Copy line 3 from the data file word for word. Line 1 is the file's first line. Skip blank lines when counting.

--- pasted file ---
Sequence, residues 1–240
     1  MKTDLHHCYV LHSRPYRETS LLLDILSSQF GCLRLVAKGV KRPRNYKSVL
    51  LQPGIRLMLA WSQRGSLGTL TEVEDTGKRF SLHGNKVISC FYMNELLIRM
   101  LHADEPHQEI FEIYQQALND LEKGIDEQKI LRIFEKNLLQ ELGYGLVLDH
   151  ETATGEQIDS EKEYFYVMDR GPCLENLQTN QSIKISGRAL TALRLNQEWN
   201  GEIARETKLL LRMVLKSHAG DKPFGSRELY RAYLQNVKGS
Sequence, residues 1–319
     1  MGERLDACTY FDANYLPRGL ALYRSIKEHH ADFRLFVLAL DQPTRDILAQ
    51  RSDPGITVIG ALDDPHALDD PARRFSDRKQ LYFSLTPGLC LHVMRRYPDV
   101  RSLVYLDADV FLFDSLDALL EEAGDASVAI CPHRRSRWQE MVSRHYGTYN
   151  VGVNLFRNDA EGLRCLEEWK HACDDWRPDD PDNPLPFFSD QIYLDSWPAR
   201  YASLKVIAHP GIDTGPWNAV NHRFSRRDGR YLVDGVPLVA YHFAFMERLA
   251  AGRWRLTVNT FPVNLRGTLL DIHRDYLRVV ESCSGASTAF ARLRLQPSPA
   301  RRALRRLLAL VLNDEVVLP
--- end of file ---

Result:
    51  LQPGIRLMLA WSQRGSLGTL TEVEDTGKRF SLHGNKVISC FYMNELLIRM